This week the pope is in London. You will have your own views on the discrimination against women, the homophobia, and the international criminal conspiracy to cover up for mass child rape. My special interest is his role in the 2 million people who die of Aids each year. Read the rest of this entry »
On the birthday of Jesus Christ – who was clearly a very nice guy, giant sky wizard issues aside – I can think of no better bible reading than this, Daniel 1:8, a description of the first ever clinical trial.
Last year I ran into Ariane Sherine. She had found that no charity would publicly take money from a book written by atheists at Christmas, since Christians give so much money for good work, and they didn’t want to annoy them. Luckily the Terence Higgins Trust stepped up to this bizarre challenge, which is excellent, because Aids is important, and THT do good stuff (especially on education), and they hold the line on evidence and common sense, as witnessed by their immediate response of “yes please” when offered cash. So, support THT, buy it now. There are chapters by Simon le Bon, Charlie Brooker, Richard Dawkins, David Baddiel, AC Grayling, and many many more. My chapter is below, it is about the power of ideas alone to do good and harm, and it is filled with mawkish Christmas cheer. In other news, Manto Tshabala-Msimang – South Africa’s health minister, who presided over that horrific period of institutionalised Aids denialism – has died today. You will have your own thoughts.
Saturday January 19 2008
In 1954 a man called Darrell Huff published a book called “How to lie with statistics“. Chapter one is called “the sample with built in bias” and it reads exactly like this column, which I’m about to write, on a Daily Telegraph story in 2008.
Huff sets up his headline: “The average Yaleman, Class of 1924, makes $25,111 a year!” said Time magazine, half a century ago. That figure sounded pretty high: Huff chases it, and points out the flaws. How did they find all these people they asked? Who did they miss? Losers tend to drop off the alma mater radar, whereas successful people are in Who’s Who and the College Record. Did this introduce “selection bias” into the sample? And how did they pose the question? Can that really be salary rather than investment income? Can you trust people when they self-declare their income? Is the figure spuriously precise? And so on. Read the rest of this entry »
Saturday December 15 2007
“The Pope condemns the climate change prophets of doom,” roared the headline on Thursday. Basically if the Daily Mail goes out of business, I’ll have to give up this column. “Pope Benedict XVI has launched a surprise attack on climate change prophets of doom, warning them that any solutions to global warming must be based on firm evidence and not on dubious ideology.” Read the rest of this entry »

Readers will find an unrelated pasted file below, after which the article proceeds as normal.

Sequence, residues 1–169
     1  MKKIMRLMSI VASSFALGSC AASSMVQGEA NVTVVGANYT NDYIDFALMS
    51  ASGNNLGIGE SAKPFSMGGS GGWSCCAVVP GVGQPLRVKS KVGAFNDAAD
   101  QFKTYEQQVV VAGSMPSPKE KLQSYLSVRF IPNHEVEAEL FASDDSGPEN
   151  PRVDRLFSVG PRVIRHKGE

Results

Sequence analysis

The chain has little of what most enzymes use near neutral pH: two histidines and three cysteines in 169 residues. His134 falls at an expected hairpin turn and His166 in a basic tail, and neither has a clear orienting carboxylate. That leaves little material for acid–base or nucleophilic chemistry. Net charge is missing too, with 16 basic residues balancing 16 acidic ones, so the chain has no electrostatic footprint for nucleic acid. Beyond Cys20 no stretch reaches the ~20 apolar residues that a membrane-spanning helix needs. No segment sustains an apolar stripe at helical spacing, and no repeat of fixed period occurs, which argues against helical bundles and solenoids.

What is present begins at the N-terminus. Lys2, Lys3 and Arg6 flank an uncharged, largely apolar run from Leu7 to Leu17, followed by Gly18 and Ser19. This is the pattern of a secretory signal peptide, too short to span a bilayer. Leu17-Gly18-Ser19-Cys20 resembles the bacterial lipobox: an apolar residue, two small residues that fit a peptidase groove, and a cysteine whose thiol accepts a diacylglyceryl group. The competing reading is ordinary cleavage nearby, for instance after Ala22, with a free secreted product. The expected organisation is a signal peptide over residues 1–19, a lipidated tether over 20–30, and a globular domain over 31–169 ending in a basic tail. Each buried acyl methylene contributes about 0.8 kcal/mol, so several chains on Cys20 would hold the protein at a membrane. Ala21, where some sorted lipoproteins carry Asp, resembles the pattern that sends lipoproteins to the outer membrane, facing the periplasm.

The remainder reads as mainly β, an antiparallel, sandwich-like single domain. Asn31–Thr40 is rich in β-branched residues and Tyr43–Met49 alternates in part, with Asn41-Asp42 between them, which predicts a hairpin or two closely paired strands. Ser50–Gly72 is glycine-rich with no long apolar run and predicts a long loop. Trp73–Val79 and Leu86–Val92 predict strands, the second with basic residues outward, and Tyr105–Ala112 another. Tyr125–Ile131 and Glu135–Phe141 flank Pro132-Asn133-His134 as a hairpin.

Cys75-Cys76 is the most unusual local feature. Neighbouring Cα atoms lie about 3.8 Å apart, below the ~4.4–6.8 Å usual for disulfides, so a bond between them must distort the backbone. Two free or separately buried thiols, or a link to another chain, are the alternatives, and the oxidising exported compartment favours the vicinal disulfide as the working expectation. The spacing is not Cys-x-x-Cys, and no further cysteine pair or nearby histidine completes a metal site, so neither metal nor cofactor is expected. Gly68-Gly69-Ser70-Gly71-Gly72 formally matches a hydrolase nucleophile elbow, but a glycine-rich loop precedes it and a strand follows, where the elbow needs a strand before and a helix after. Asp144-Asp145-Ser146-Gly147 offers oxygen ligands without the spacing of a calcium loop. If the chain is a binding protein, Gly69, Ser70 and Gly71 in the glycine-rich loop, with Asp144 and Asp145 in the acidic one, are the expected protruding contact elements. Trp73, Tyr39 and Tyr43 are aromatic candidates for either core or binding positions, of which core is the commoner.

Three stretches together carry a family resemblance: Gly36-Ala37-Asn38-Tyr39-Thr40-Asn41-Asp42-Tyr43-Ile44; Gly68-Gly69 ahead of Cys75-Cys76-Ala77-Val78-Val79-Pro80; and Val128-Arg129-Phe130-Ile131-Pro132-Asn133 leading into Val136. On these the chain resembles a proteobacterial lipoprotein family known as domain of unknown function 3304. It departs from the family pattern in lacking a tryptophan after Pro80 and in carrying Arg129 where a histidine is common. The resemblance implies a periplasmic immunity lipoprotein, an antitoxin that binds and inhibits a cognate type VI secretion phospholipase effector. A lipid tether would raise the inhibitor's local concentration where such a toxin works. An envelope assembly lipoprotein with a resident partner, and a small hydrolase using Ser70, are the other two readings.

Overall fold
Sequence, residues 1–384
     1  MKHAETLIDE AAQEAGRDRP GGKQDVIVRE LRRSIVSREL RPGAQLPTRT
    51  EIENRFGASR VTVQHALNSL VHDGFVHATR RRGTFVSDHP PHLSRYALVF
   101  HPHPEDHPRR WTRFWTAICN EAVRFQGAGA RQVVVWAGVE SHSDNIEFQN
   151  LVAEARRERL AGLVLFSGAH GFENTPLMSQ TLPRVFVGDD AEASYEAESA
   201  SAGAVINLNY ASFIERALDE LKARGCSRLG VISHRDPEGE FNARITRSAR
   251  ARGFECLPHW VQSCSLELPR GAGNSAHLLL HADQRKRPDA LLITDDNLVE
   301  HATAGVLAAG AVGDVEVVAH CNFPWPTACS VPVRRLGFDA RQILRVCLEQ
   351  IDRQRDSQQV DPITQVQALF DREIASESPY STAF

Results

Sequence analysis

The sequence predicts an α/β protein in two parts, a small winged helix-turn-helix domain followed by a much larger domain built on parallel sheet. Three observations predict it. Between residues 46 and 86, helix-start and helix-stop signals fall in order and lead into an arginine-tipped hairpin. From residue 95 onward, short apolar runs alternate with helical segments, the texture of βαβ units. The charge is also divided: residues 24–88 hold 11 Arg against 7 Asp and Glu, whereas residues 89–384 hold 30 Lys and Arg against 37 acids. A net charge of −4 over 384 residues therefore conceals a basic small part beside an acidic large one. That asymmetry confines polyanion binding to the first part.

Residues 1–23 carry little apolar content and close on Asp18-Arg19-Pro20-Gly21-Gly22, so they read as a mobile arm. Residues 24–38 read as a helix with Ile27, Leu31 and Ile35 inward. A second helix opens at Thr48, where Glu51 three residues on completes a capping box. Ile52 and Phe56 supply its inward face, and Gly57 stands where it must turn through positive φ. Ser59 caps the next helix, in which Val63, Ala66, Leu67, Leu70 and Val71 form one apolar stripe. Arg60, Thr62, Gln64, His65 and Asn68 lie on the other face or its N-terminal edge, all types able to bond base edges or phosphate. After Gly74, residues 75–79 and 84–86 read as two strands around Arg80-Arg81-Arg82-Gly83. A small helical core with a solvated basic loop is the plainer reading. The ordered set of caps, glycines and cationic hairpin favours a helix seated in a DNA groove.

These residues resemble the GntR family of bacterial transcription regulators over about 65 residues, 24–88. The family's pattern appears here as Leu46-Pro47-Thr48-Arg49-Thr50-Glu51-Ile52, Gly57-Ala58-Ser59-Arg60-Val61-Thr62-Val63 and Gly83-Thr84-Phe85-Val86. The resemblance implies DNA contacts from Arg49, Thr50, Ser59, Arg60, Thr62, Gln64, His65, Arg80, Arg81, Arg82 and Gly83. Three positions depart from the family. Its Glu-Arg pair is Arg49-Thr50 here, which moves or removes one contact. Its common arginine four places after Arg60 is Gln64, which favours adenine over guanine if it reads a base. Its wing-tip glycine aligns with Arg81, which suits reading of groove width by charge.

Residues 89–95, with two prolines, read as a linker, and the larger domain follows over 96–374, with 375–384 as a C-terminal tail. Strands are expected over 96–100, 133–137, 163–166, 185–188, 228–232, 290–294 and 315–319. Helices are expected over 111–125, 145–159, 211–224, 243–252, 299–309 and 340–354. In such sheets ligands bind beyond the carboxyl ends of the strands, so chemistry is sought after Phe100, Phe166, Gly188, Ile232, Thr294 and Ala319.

Saturday November 3 2007
Parliamentary select committees are one of the few places where you can see politicians sitting down and doing the kind of thing you’d actually want them to do, like thinking carefully about policy. This week the science and technology committee delivered its report on scientific developments relating to the Abortion Act, and even as a man with a very low boredom threshold, I genuinely recommend reading it for pleasure: because it is a masterclass in spotting fallacious science, and that is exactly what was offered up, in spades, by the anti-abortion activists who gave evidence.
This is officially the most exciting moment of my hobby as a writer. The Parliamentary Science and Tech Select Committee have published a very sensible report about the evidence for and against a change in the Abortion laws. The Minority Report is an extra report, bolted on as an appendix: they are there for when there are members of a select committee who don’t like the actual report.
In the case of this Minority Report on abortion, it’s a rollercoaster ride of pseudoscience and dubious data, signed by one Tory MP with the support of one other, and I highly recommend giving it a read. I’ve posted the PDF here, until it appears on the parliament website.
If you want a good example of how spectacularly weak the evidence behind this “Minority Report” is, then you need look no further than the bit where they talk about, er, well, me, bafflingly:
Ooh ooh I just got this in email at 00:01 and I hereby am posting it before the BBC or anyone. They lose valuable minutes by pretending not to copy and paste the press release, while I find that kind of theatre slightly childish. Meanwhile, pasted below is what our Parliamentary Science and Technology Committee on the Abortion Act recommended, after carefully reviewing the scientific evidence. The report itself is a masterful and surprisingly readable precis, which I’ll post as soon as the link goes live.